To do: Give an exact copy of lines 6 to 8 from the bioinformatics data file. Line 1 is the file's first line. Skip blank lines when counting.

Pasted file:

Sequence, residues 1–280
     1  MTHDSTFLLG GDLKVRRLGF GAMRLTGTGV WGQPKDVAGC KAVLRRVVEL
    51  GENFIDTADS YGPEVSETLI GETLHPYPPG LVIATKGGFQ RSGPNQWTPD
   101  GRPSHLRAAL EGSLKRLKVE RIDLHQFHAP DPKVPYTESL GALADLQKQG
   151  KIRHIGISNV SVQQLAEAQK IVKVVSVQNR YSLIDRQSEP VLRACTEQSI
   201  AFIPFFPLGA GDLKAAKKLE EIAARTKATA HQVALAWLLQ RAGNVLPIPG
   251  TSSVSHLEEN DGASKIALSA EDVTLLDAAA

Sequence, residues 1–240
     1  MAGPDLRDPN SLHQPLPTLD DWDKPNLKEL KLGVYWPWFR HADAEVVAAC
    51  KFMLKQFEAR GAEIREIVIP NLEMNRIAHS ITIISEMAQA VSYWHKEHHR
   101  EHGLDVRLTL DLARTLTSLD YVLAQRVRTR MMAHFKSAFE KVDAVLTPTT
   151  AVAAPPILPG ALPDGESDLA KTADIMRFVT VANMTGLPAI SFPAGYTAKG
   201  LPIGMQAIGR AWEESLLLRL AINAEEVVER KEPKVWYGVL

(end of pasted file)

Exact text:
   201  AFIPFFPLGA GDLKAAKKLE EIAARTKATA HQVALAWLLQ RAGNVLPIPG
   251  TSSVSHLEEN DGASKIALSA EDVTLLDAAA

Sequence, residues 1–240